Faith school appeal(7 Posts)
I'm in the school appeal purgatory zone at the moment and would very much like some advice from knowledgeable folk. We applied for DD to go to a C of E secondary and were assured by our vicar, who was providing the reference, that she should get a place no problem. She didn't. We've since found out that the vicar made an error on the form and he's provided a letter apologising and supporting our appeal and has offered to represent us in person. He is also a governor at the school we're appealing for and therefore part of the admissions authority. Is that not a conflict of interests??
Any thoughts gratefully received. This is all sooooo stressful and confusing.
He cannot support your appeal or represent you in person. However, the letter you have showing that he made a mistake is excellent evidence. Provided the mistake deprived your daughter of a place you have a very good chance of winning your appeal.
Thank you - I thought it would be odd if he came. Is it our responsibility to tell him he can't come, because the appeal is in a couple of days and, so far as he's concerned, he's still coming. I would have thought the representative from the school would have noticed by now (it clearly states on our form that he will be accompanying us) and done something about it.
Also, do we need to bring this point up at the first stage of the appeal with all the other parents there, or wait until our bit?
Thanks so much for your help - it's such a stomach churning process.
It is really up to the chair of the panel to sort this out. If he turns up I would expect the chair of the panel to exclude him. The Appeals Code says "Panels must not allow representatives of schools to support individual appeals for places at their school at the hearing itself, or by providing letters of support for appellants" (paragraph 2.13).
With that in mind, I suggest you contact him and point out that the Appeals Code says he cannot represent you or support you in the hearing.
You need to raise the fact that you believe a mistake was made in part 1. There is a chance the chair may tell you it is too late if you wait until your individual hearing. Of course, if you are the only family affected the chair may ask you to raise it in your individual hearing.
Well, thanks for that - I would have waited til the second part so that we're not talking about our personal situation in front of all the other parents. Guess I'll have to be brave and raise the issue in front of them all. Would we have to go into detail about the mistake in that section? Although a mistake was made on one part of our reference form, we're also arguing that our family circumstances weren't taken into consideration on another part of the form - don't particularly want to talk about that in front of everyone.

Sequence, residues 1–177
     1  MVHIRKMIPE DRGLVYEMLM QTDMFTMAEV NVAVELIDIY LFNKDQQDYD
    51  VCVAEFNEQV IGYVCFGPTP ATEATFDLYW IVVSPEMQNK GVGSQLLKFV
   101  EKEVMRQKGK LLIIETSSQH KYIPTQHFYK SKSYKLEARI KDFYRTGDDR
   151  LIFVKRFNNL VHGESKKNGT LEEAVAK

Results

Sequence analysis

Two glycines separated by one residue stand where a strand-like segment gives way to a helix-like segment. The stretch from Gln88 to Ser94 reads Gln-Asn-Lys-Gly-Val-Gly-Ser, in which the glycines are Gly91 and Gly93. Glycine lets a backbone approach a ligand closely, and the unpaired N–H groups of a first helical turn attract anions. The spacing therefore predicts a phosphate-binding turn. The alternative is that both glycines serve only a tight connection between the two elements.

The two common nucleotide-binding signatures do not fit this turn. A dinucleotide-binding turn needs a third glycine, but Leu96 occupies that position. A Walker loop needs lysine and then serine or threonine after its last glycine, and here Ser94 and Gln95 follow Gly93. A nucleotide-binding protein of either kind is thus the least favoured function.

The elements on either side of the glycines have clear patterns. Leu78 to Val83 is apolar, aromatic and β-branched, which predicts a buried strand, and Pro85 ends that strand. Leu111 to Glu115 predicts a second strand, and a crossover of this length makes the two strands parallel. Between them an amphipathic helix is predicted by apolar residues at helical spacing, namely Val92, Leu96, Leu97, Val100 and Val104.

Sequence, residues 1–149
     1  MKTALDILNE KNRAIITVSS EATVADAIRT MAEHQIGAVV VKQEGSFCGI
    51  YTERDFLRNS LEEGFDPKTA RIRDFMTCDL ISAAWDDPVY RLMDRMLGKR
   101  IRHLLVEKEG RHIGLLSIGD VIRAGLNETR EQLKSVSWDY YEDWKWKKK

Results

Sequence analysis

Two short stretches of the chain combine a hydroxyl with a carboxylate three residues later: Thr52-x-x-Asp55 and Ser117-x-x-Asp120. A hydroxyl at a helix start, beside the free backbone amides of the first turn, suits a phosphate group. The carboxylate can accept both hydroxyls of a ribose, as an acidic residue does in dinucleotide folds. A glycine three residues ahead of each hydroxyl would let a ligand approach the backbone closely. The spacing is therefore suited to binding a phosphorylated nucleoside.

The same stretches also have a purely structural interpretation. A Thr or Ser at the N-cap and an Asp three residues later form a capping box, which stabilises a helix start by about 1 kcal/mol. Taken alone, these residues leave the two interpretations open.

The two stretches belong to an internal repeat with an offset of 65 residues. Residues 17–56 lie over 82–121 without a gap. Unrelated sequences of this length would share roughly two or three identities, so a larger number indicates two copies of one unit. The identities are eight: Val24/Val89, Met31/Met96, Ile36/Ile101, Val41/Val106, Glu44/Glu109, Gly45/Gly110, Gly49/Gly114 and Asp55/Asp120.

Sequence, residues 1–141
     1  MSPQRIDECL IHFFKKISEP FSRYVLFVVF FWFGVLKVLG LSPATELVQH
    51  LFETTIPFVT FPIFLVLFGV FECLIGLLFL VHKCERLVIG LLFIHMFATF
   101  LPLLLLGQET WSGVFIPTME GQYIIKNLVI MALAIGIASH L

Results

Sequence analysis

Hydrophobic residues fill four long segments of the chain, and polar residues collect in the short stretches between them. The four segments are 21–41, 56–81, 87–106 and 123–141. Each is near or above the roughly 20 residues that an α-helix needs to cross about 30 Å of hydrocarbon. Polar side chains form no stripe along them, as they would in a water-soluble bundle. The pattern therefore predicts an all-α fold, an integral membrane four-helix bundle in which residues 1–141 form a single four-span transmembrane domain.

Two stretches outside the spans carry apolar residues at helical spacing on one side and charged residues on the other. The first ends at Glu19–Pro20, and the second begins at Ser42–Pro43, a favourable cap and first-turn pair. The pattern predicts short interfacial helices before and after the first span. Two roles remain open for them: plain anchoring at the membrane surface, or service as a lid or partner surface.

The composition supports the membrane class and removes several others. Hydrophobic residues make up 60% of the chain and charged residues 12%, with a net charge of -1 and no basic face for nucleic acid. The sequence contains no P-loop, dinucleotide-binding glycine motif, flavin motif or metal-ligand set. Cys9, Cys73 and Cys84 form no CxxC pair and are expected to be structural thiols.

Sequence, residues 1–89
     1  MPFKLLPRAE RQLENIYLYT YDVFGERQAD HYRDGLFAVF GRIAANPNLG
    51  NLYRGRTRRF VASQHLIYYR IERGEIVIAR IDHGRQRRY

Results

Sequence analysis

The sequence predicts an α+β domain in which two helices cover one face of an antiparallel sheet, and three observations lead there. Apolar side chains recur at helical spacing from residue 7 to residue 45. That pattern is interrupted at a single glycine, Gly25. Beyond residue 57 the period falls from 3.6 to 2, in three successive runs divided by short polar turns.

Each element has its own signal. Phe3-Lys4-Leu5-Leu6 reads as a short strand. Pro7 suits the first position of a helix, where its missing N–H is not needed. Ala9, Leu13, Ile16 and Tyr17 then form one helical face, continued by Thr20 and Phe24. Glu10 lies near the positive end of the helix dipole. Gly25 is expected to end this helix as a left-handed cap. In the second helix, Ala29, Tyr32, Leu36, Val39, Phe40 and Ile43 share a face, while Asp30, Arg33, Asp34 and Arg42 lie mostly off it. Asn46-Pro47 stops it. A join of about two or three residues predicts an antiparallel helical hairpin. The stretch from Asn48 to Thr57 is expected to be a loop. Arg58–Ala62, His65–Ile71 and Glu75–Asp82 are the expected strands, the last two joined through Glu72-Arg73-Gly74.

Thanks so much for your advice.
It is important that the panel note that you are intending to argue a mistake was made in the admission process for your specific application. It is then up to the Chair of the Panel to decide whether to ask you to outline the issue around the mistake by the vicar in part 1. I suspect they may ask you to do that because it is just possible that you are not the only instance of this happening, in which case the panel will definitely need to establish facts in part 1.
If nobody else is arguing a mistake was made then it is quite usual for the Chair to then say that you can then bring up all your reasons for admission in part 2.
The reason for this procedure is that at the end of part 1 the panel will have to start making decisions about whether the admission process was carried out correctly. If they decide that and then you suddenly in part 2 start saying a mistake was made, a very pedantic chair of the panel could say you had your chance and did not raise it. Personally I think that I would be straight off to the LGO if that did happen but best to be safe and at least raise the context in part 1
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